A new year always brings the promise of new books, and Mount professor Jeff Hillard has added his own work to the mix. His first YA novel, Shine out of Bedlam, was published in mid-January and stands as the first in a series. Excited for the release, Hillard reminisces about the journey and inspiration behind his first novel.
“I have always written fiction—always—though I’m a poet, journalist, and essayist,” he says. As a teenager, he knew he wanted to publish a novel, and at 17, he began writing a novel in long-hand during the summer. His desire to write and “shift far more steadily into [his] fiction writing, and particularly novel writing” ignited his first spark of inspiration for Shine.
But sometimes the desire to write isn’t the only thing that motivates a writer. Wanting to create a novel that challenged him, Hillard drew upon his youth and growing up in a residentially-divided community. From his experiences, he wanted to sculpt a story and characters not commonly found in YA/Adult fiction, and he wanted to place his story in the time period of 1968, a time he believes connects to modern, 2017 culture and political happenings.
The third spark of inspiration for Shine developed from Hillard’s desire to publish independently. For his poetry books, small presses handled the majority of the process for him—they made decisions about size, formatting, appearance, etc. Hillard says he was consulted on a few things, but he mostly wrote and edited. With Shine, he got to call all the shots. Working with a small team of three or four, including Mount graphic design alum Jennifer Vogel, Hillard was the man in charge, and he was excited about all that entailed. “It is still a challenge and not always easy,” he says, “but it is very cool.”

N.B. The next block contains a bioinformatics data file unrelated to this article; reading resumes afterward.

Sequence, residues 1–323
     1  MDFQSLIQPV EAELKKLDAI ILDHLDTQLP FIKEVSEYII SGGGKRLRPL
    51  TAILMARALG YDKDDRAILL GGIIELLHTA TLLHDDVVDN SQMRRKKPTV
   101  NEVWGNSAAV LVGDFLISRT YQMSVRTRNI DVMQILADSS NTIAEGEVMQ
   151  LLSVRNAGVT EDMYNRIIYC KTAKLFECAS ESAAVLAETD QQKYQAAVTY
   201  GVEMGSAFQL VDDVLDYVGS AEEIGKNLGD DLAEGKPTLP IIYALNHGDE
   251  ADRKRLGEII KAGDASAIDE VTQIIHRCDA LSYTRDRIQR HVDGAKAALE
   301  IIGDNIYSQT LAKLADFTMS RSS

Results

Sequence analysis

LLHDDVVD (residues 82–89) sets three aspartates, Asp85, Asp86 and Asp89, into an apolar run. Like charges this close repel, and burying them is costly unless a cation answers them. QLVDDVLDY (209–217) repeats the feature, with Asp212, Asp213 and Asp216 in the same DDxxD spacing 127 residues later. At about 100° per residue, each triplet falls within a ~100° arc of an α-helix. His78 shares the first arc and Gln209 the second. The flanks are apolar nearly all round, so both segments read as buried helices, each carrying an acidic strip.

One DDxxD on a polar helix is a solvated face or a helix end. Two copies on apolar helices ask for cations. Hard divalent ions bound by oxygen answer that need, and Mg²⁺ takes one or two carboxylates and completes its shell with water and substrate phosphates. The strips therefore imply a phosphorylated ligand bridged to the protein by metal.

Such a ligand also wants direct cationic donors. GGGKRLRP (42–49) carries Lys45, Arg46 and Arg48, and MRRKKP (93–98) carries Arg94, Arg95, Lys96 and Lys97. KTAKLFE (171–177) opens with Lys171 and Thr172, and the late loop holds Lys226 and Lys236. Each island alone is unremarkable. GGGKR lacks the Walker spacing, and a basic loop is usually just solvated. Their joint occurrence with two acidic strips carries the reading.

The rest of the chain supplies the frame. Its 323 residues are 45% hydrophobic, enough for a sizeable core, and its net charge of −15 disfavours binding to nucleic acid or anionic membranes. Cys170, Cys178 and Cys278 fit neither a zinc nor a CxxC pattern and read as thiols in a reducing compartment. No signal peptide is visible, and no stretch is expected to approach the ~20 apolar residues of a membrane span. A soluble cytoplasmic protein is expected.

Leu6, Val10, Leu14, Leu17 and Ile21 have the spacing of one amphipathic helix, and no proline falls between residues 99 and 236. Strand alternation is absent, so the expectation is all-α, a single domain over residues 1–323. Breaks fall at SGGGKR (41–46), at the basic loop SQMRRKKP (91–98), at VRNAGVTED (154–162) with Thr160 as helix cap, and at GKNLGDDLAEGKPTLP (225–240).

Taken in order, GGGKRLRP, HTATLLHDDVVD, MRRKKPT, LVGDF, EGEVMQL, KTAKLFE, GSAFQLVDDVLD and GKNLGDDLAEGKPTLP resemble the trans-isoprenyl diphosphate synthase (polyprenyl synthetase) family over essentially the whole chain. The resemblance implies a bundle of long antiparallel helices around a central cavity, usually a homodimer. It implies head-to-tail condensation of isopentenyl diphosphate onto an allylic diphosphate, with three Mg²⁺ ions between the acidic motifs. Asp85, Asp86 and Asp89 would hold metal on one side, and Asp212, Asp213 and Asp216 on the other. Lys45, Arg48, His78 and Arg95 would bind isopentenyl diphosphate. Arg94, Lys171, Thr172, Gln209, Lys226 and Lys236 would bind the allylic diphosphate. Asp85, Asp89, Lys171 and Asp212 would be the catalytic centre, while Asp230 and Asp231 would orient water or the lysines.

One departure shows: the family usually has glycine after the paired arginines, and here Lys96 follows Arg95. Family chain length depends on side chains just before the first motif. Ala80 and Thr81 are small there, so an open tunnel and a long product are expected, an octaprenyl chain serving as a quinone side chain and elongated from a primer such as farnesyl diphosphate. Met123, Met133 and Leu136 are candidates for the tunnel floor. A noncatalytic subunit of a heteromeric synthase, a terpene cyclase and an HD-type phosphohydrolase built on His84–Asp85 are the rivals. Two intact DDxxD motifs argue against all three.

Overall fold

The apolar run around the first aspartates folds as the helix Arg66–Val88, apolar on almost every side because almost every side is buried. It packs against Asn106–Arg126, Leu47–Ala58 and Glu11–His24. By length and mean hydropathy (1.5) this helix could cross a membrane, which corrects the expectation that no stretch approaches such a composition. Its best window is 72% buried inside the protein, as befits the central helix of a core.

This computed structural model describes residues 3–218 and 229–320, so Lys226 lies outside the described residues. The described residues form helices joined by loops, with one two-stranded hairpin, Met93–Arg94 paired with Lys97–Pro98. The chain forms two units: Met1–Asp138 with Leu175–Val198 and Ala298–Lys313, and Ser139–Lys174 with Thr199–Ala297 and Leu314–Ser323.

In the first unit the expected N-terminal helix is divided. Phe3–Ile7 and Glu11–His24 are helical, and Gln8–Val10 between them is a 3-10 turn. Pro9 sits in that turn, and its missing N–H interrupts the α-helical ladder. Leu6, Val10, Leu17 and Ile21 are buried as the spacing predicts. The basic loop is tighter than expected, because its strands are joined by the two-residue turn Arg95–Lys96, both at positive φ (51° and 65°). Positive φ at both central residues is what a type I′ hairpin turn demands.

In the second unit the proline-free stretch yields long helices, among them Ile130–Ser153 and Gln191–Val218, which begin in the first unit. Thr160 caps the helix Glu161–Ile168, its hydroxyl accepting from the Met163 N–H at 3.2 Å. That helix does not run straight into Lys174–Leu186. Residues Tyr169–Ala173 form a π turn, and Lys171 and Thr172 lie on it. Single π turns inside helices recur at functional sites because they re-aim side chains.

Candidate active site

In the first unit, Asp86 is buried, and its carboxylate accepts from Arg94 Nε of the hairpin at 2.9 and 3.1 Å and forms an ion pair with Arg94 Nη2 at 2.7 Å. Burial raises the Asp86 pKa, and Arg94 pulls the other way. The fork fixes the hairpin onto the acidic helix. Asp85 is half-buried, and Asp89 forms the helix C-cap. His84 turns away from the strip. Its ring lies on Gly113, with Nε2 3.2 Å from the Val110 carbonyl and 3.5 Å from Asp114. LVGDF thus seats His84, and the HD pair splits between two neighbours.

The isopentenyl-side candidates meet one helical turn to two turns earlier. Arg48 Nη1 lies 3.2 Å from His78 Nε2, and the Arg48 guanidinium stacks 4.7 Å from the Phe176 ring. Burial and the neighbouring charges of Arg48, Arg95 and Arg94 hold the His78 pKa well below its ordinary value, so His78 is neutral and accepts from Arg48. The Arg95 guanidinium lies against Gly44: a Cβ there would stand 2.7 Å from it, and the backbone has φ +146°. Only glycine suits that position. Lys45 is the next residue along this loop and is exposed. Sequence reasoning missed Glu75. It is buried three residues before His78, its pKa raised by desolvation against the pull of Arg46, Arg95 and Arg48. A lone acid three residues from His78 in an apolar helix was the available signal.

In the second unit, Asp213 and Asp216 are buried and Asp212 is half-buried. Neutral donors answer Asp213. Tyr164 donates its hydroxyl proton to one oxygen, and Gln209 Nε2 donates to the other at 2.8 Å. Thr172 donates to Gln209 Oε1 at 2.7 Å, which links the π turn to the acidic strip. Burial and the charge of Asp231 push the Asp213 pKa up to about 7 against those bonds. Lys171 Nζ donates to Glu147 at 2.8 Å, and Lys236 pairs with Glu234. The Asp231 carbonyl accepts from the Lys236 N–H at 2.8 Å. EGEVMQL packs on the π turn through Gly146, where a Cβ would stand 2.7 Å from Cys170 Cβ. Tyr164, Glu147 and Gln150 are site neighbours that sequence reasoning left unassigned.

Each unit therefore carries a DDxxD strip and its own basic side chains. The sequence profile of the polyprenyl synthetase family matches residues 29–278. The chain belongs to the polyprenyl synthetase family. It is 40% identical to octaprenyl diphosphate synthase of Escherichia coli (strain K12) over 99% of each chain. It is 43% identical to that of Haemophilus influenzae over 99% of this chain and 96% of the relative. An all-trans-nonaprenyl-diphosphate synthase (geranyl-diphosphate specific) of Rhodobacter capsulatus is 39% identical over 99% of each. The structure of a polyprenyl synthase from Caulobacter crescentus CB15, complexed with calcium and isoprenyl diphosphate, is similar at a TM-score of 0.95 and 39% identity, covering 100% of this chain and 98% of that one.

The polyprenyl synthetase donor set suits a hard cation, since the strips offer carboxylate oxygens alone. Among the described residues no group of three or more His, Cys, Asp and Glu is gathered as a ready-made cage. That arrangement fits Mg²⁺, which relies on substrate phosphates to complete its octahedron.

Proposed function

One of the perks Hillard finds in indie publishing is the control he has over the release of his novels. “[In traditional publishing] it still takes an average of 12 to 15 months – and sometimes longer – for an author’s manuscript to be accepted and published,” Hillard says. “I can produce my books in short order, and I want them out.” With the flexibility offered by publishing his own novels, Hillard can release them as he writes them, and he says he can control cost. “I’m writing another serial novel – not a Shine book – on my website, [and] when that one is eventually all up there [on the site], I will ‘wrap it’ in book form and give it away free on Amazon….A traditional publisher likely wouldn’t let me do that.”
At the end of the day, when he’s finished publishing, Hillard finds the most rewarding aspect of his new novel is that he finished the story he wanted to tell. The road to telling that story, however, was its own challenge. In addition to being a writer, Hillard is an Associate Professor of English at the Mount, and from 2015-2016, he held the position of Writer-in-Residence at the Public Library of Cincinnati and Hamilton County. With many responsibilities, Hillard says it was a challenge to carve out time to write. “It’s not a question of ‘Can I write this or that?’ Of course one can. It’s a matter of getting down to it,” he says.